The analysis of the transference may be defined as attempts to understand the patient's current experience, in relation to the analyst, including its plausible sources in the here-and-now, so that its sources in the past experience, wishes, and conflicts can be illuminated and more conscious, and flexible integration of past and present is brought about.

Much of the analyst's behaviour which from the patient's point of view leads him to a plausible interpretation of the analyst's motivations is from the analyst's point of view inadvertent. For initial illustrations I turn to two of Freud's cases. First, the Dora case Freud defended himself against the possible criticism that he should not have talked about intimate sexual matters with a young woman by arguing that to do so was not necessarily prurient or harmful.

True enough. But would it not have been plausible for Dora to interpret his obvious interest in her sexual life and the possible apparent concomitant relative lack of interest in what was consciously her primary concern, the hypocrisy in her family as a more subtle variant of Herr K's sexual interest in her?

Second, the Rat Man Freud, Would it not have been plausible for the Rat Man to have interpreted Freud's interest in getting the details of the rat torture to be a form of torture? Freud has been criticized Kanzer, for influencing the transference by trying to guess what the torture was. We may infer from Freud's explicit disavowal that he wanted to torture him that he was trying to dispel any such feeling on the Rat Man's part.

I am not saying that Freud should not have inquired into Dora's and the Rat Man's mental content.

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I disagree with those who believe that all such material can emerge spontaneously in free association, and that they should wait for it to so emerge so that the patient has no rational basis for imputing sexual or aggressive intent to the analyst [Footnote 3]. I am suggesting on the contrary that such plausible imputation is unavoidable precisely because of the multiple interpretations to which human behaviour lends itself and because the patient is primed by his past selectively to interpret the present. Rather than to pursue such impossible avoidance on the basis of a mistaken premise as to the nature of the analytic situation, the analyst should bend his energies to detecting the implicit indications that the patient is making such imputations and bring them into the open by interpretations of their plausibility in the light of the here-and-now with the ultimate aim of elucidating the patient's own contribution.

The latter stems from the patient's past, the there-and-then. Footnote 3: How directly and openly something needs to be expressed, in order to be able to say that it is "emerged"? This has always been a hot topic in clinical discussions, due to the differences in evaluating the role played by inference in assuming that something is presumably present in a masked way.


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Here is an illustration from a recent paper by Rangell He writes that for a period of time a patient's response to every interpretation or achievement of a piece of insight was "So what? He does not describe any investigation of the meaning of the "So what? So he made the following intervention: "You ask so what and not so why". He considers that the patient needed this suggestion to stimulate progress in the analysis.

OPTIMAL MARGINALITY: Innovation and Orthodoxy in Fromm's Revision of Psychoanalysis

He explicitly disavows that the patient was being reprimanded or ordered to think along these lines. I believe this disavowal betrays Rangell's peripheral awareness that the feeling of being reprimanded or ordered to think along these lines might well have been plausibly experienced by the patient as an inadvertent effect of his interpretation on the expression of the transference.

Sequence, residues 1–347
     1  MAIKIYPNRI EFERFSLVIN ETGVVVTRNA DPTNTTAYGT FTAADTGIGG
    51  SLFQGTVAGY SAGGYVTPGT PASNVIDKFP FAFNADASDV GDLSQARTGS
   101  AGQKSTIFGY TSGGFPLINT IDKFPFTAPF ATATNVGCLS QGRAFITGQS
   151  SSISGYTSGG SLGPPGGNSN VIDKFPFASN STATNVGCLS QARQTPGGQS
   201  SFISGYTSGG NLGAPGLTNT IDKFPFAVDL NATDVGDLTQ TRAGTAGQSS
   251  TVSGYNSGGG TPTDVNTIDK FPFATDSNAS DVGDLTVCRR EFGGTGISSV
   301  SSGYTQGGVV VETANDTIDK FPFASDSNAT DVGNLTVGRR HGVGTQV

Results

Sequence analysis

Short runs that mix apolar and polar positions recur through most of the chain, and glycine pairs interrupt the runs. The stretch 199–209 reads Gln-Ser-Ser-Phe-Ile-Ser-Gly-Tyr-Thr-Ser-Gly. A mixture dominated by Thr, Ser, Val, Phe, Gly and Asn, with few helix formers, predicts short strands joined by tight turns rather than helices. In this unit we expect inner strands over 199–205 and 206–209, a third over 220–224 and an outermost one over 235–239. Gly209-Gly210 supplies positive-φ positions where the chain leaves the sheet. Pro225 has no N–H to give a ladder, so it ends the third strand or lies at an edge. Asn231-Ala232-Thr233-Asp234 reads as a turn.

In fact he introduces the vignette to the reader by saying he wants to make the point that an active role on the part of the patient must be enlisted continually. This was therefore probably the implicit message both as intended by the analyst and experienced by the patient. I believe he should not have assumed that he knew what the "so what? He should have attempted to understand its meaning in the transference. Furthermore, once having made his remark he should have been alert to its possible repercussion on the expression of the transference.

Rangell says the interpretation was successful and cites some subsequent insights about the patient's relation to his mother. He does not provide enough data to say how these insights may have combined disguised references to the patient's past and to the analyst's intervention. I believe the example illustrates a typical failure to recognize that primary attention should be directed to the examination of the transference in the here-and-now, in this instance first to the "so what? The examples I gave all illustrated how the patient experienced interventions.

What is also often not focused upon by analysts is the role they have played in the common transference responses to features of the analytic setting themselves. The fact that these features may be experienced very differently by different patients or by the same patient at different times, or even simultaneously, probably increases the likelihood that the analyst will regard the patient's experience as essentially or even entirely self-determined.

But the analyst's attitude is also a determinant of how the patient experiences these features of the analytic situation. The couch may be a welcome indication that the patient need not concern himself with the therapist's reactions or it may mean that the patient is deprived of the cues he must have to the analyst's reactions without which he is too frightened to speak. The manner in which the analyst brings it about that the patient lies down will to a varying extent co-determine whether the patient experiences the couch as a relief from fear of meeting the therapist as an equal or as a degrading submission.

The way the frequency of sessions is settled will co-determine to a greater or lesser extent whether frequent sessions mean a promise of indulgent unending care or a loss of respite from a relentless invasion of privacy. Similarly, open-ended duration may be a reassurance that there is adequate time but it could also be experienced as an indeterminate sentence without possibility of probation. Jacobson writes:.